A study by Lo et al. in 2011 concluded that students demonstrated greater ACLS knowledge initially with high-fidelity training compared to traditional training. However, both the groups performed similarly after a period of 1 year.
However, a systematic review and meta-analysis by Cook et al. in 2012 reported that although simulation was more expensive than nonsimulation instruction for health professional learners, yet it was associated with small-to-moderate positive effects in terms of knowledge and skill acquisition. Very few studies have explored student satisfaction for both modalities of instruction. Ten Eyck et al. and Couto et al. in separate studies in 2009 and 2015 respectively concluded that simulation-based instruction was associated with greater student satisfaction.
The present study aims to explore the impact of single intervention high-fidelity simulation versus case-based discussion on knowledge acquisition and student satisfaction.
The objective of this study was to compare high-fidelity simulation versus case-based discussion for teaching bradyarrhythmia as per the ACLS protocol of AHA for PGDEMS students as assessed by a knowledge-based pretest, posttest, and survey of satisfaction with the two methods.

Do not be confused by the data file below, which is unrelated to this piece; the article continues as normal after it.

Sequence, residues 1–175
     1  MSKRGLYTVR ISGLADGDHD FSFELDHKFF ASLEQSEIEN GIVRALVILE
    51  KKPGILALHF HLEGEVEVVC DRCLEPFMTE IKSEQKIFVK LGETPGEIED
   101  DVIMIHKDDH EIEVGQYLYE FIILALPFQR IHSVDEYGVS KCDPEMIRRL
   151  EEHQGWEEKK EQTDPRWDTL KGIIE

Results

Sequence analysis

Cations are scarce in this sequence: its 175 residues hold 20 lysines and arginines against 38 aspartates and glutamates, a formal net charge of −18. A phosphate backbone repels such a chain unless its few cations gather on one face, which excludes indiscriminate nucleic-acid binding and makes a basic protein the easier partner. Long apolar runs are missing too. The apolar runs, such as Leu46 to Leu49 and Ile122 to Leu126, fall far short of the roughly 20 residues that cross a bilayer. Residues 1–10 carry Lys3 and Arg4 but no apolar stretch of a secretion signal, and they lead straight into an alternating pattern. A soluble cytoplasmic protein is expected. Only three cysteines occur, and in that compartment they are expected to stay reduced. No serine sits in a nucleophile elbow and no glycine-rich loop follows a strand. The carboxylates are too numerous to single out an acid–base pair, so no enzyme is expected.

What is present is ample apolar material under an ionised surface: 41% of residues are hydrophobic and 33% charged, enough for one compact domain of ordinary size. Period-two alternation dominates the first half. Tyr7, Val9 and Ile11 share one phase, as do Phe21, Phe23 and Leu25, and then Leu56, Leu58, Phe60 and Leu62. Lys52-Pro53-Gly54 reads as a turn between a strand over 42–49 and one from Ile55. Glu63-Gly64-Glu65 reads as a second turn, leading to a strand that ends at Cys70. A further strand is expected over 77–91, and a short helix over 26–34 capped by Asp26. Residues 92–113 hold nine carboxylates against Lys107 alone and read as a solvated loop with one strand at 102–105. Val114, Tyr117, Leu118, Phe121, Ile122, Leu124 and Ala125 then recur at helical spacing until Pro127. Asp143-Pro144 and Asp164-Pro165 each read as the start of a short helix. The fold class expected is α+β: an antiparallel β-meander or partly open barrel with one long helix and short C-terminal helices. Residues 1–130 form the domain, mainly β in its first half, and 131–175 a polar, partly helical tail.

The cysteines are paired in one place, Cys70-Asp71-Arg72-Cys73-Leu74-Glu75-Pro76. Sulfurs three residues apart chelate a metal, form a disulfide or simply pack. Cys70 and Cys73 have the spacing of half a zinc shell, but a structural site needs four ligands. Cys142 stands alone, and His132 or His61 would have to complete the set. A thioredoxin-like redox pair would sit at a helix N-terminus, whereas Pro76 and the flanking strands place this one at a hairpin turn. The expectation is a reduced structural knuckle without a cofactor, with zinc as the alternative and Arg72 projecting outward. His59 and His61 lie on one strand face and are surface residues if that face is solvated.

| Materials and Methods|| |
Simulation-based teaching was compared with case-based discussion among the 40 students of PGDEMS using a pretest, posttest, and satisfaction survey.
The pretest was composed of 10 multiple choice questions (MCQs) to test the knowledge of students on the theme of bradyarrhythmias. Based on the result of the pretest, the students were divided into two groups with each group having students with same scores as that of the other group. Group 1 students experienced simulation-based teaching of bradyarrhythmias and Group 2 students experienced case-based discussion of bradyarrhythmias. The teaching activity lasted 45 min for each group and was conducted by the same trainer to avoid trainer bias. The activity was followed by posttest of the same 10 MCQs. The students also anonymously filled out a satisfaction questionnaire composed of six statements in three domains (quality of instruction, debriefing, and overall satisfaction). The statements were rated using a 10-point scale with a score of 1 indicating least satisfaction and 10 indicating maximum satisfaction.
Test results were compared using t-test for equality of means of independent samples.
The mean results were specifically compared in each group for the improvement in posttest versus pretest. The satisfaction survey results were analyzed for each statement as well as overall satisfaction score using the paired samples t-test. The models used for analysis were present in the Statistical Package for the Social Sciences (SPSS) version 23 (IBM, Bengaluru, Karnataka India).
| Results and Discussion|| |
All the 40 students selected completed all the steps of the study.